I figured this topic might spur a lively discussion! I think there's a fine line (and a lot of room for interpretation) between "loud enough to be heard" and "annoyed shouting" when it comes to warning folks that you're going to pass. One reason why cyclists sometimes use a rather loud and peremptory tone is because we often have no idea if the person we are warning can and will hear us. I agree with Bligh that it's unsafe and unwise for cyclists to wear ear buds in both ears, but I'd also argue the same is true for walkers and runners, as an "audible warning" does no good if you can't hear over your music. At the very least, if you feel you must use ear buds or headphones, keep the volume low enough to hear outside sound. As for warning distance, that can be a tough call, and really does depend a lot on the speed you're moving. As a general rule, I'd say at least five bike lengths if you're going a casual speed, more if you're zipping along. And personally, I prefer "Passing on your left!" followed by "Good morning/afternoon/evening!" as I'm actually overtaking the person. Or when I have a bell at my disposal, I usually use that first, then call out if it seems I haven't been heard. For some reason a bell seems to say "bike" to folks, and seems somewhat friendlier than a spoken warning.
Jack Nelson March 10, 2011 at 04:08 AM
I am in full support of both comments so far. One thing I would add to the bike helmet comments is to wear the helmet properly, i.e., squarely on the head so that when standing erect the bottom of the helmet is horizontal to the ground. I see so many people, about 98 percent women, wear the helmet on the back of their heads so the front is facing skyward. I believe women do this to avoid messing up their hair, or to look a bit better while cycling. The helmet, in a fall, is next to useless in this position. The instructions that came with the helmet should address the proper way to wear the helmet. Jack Anderson's comments on bike riders is right on. Many of them, especially the speeders, believe the Trail was built for them, and parents with baby carriages, casual walkers, senior citizens out for a walk, etc., are interlopers. Many cyclists ride side by side frequently overlapping over the yellow line into the opposite lane. They do not expect to give way to the walkers, even to the point of being total boors and crude. I call it the "Me First" syndrome, i.e., meaning all the universe should bend to their desires and agenda. It is even more prevalent with vehicle drivers.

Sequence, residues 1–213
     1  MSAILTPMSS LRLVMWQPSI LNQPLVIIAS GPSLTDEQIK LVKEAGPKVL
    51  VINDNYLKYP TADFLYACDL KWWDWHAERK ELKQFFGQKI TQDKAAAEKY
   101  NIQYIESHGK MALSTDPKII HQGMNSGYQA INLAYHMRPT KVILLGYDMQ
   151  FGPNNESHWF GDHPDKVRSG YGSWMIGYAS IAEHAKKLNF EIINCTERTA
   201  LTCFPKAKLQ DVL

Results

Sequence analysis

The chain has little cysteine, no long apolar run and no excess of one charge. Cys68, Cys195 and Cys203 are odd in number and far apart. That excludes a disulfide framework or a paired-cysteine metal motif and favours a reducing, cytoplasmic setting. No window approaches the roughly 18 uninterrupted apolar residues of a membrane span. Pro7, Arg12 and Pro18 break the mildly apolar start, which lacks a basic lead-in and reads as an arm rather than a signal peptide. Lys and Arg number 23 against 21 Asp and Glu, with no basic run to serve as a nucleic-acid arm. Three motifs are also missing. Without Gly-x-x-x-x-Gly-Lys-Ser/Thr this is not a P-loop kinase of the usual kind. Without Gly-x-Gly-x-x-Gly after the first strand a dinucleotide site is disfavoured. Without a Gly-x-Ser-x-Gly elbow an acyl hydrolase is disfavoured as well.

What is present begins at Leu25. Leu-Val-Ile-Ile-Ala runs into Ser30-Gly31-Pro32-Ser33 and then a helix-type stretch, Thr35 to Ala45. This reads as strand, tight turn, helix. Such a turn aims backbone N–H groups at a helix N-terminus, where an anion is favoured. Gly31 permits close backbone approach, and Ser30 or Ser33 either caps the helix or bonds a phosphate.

Tim Fricker March 10, 2011 at 05:07 AM
I'll agree that there are plenty of cyclists who misbehave on the trail, and some that seem to feel the trail is theirs and theirs alone, but let's not forget that walkers, runners, and others have been known to occupy the entire width of the trail. "Stay right except to pass" applies to ALL trail users, not just cyclists. I think more than anything else it just comes down to common courtesy and trying to put yourself in the other person's shoes, whether they be running shoes, hiking boots, cycling shoes or even flip flops!
David Whitmon March 22, 2011 at 09:56 AM
Great piece Tim. Great comments all the way around. It is proper trail etiquette for cyclists to move to the right when being passed by a faster cyclist but it does not mean that is is OK for a "fast" cyclist to BUZZ slower cyclists and or pedestrians. It just as frightening for a pedestrian to be BUZZED by a cyclist as it is for a cyclist to be BUZZED by a motor vehicle. When ever I ride on a bike path, rail trail, MUP, SUP, whatever, I know that I can't go as fast as if I were riding on the road way. I firmly call out to those I pass, cyclists or pedestrians, "Passing on you left, nice and slow". I slow down close to the speed of those whom I am passing. If your goal is to ride fast and hard stick to the roads.
David Whitmon March 22, 2011 at 10:28 AM
Way back in the late 60's, early 70's a number of high school kids from Marshall and McLean , including myself, hiked the W&OD rail road right of way in the process of putting together a feasibility report for the Northern Virginia Regional Park Authority. My part of that report was the photographing of the deteriorating RR Stations and drawing pictures of these buildings refurbished and put to use as rest stops and facilities for the use of trail users. We had to swim across Goose Creek as there was no bridge at the time. It's come a long way since then.